Her Song

(An adaptation of Alison Luteman's poem "Song", from See How We Almost Fly)

 

This morning I was back in Tennessee

I had an early flight out of Nashville

My thoughts were miles away from my seat

When music caught the tip of my ear

 

It was rich and pure from a far away place

Far from music city

As I listened my thoughts held still

And now that I'm back home I can still hear her song

 

I dismissed the clicks of fresh cowboy boots

And the hum of luggage whizzing by

I was cradled by her voice as I waited to board

And now that I'm back home I can still hear her song

 

She was singing to herself in a high thin voice

Thin and sweet with a little blue

She was loaded with mops and industrial cleaners

Her cart jingled softly as she slowly walked by

 

A small brown woman frizzy hair and headscarf

Her gold tooth flashed when she smiled

What price did she pay to be here today

What was her secret to singing while wiping up spit

 

She was singing to herself in a high thin voice

Thin and sweet with a little blue

She was loaded with mops and industrial cleaners

Her cart jingled softly as she slowly walked by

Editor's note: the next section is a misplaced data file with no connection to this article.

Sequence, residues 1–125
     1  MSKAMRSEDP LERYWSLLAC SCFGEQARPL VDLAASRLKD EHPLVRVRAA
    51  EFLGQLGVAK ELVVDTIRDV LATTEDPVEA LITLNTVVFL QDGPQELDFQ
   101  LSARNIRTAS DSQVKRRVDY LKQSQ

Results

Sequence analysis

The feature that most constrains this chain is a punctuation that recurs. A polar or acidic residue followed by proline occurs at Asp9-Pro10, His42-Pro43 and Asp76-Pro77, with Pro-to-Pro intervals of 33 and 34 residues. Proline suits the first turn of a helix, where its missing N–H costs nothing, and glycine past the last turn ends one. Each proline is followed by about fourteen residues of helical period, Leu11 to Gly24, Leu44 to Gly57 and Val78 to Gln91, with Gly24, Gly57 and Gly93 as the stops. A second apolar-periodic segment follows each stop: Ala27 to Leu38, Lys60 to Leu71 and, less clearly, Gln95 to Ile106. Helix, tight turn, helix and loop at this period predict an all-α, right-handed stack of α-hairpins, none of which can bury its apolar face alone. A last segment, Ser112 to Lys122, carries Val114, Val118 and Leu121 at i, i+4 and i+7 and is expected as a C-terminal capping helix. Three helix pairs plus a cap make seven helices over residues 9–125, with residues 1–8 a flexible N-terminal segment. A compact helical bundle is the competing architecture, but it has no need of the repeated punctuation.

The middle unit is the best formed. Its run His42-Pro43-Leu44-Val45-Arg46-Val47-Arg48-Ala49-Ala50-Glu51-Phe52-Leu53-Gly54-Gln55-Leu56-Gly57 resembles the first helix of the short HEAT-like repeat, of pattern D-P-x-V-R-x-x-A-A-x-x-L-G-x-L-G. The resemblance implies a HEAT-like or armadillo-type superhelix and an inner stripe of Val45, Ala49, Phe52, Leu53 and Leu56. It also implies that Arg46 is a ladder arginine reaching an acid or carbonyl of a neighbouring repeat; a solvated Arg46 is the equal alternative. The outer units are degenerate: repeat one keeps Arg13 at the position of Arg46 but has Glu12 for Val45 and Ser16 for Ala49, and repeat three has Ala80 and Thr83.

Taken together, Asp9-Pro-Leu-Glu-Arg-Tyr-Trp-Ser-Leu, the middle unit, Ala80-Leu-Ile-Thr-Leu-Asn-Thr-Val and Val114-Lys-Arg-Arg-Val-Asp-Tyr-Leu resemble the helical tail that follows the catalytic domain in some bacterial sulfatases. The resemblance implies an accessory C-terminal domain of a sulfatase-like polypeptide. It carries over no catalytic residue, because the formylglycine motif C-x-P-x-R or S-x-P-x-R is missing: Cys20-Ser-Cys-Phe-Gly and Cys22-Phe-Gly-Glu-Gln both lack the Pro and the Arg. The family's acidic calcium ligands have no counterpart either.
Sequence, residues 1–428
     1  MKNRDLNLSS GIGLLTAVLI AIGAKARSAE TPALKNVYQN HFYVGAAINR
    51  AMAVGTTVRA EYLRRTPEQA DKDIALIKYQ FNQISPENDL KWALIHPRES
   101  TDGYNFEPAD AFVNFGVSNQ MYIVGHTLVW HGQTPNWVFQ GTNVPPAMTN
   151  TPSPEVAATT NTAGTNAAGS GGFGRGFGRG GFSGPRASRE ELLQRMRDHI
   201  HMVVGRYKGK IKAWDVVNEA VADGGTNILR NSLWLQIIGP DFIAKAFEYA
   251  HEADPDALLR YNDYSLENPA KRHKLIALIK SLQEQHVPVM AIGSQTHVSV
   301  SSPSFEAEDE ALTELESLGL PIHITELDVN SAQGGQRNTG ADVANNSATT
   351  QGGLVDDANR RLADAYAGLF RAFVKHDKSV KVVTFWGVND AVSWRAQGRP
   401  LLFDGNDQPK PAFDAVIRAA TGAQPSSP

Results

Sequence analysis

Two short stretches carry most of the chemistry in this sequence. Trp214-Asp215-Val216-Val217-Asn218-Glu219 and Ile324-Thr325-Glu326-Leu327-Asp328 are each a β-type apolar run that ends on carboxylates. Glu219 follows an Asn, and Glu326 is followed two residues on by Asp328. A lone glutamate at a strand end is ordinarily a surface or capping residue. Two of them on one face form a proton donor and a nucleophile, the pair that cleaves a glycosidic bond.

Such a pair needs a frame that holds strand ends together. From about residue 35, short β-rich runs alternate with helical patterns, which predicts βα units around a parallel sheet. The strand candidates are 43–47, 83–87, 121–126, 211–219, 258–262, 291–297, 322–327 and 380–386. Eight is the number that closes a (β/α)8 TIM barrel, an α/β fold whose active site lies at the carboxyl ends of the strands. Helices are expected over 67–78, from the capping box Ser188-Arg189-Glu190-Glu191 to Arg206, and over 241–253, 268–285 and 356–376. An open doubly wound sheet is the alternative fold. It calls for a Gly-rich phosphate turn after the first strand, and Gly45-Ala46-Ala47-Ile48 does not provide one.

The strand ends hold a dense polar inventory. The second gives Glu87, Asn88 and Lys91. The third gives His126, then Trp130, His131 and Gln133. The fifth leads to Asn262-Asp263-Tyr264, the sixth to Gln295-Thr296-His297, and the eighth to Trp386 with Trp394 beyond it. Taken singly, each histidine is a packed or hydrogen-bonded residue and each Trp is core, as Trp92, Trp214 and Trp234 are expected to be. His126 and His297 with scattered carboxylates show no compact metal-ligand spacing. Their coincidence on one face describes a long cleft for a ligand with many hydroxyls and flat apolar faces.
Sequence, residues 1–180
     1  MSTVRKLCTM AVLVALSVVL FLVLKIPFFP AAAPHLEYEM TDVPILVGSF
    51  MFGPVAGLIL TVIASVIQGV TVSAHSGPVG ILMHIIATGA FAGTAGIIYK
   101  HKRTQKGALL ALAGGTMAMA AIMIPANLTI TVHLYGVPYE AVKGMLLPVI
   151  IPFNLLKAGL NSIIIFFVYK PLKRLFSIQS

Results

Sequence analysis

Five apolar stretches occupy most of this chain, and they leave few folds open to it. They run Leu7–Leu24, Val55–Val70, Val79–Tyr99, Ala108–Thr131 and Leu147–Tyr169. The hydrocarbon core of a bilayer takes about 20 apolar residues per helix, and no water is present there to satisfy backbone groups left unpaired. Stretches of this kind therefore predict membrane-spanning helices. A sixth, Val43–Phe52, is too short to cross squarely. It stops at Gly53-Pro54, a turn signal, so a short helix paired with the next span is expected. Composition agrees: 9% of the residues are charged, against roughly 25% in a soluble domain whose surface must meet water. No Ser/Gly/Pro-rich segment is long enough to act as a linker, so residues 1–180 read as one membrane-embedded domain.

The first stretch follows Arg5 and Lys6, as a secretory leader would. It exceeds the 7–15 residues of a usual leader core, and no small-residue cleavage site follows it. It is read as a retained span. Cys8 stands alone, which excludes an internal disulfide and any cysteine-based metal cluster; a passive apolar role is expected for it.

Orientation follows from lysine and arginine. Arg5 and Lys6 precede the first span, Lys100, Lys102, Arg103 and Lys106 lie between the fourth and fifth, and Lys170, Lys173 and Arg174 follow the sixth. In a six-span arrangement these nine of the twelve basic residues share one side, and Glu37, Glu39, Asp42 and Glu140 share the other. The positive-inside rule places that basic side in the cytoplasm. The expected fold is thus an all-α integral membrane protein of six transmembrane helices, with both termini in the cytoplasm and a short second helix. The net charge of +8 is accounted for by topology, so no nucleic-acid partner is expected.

Bags of luggage dragged down the walkway

Like souls unsure of their body

Stuffed with shirts and sock and new boots

All sewn in different factories

By hands as small and brown and tough

As the hands of the singing lady

 

Ten gallon hats on phones hurried by

Past food courts and boot polish chairs

The stickers in the shops said, "These colors won't run"

We're at war again we're always at war

 

My last glimpse of her she was fading away

Pushing her towering unsteady cart

Swaying her mops and dusters and cloth

I know she was smiling as her voice sang soft

 

She was singing to herself in a high thin voice

Thin and sweet with a little blue

She was loaded with mops and industrial cleaners

Her cart jingled softly as she slowly walked by

 

And now that I'm back home

I can still hear

Her song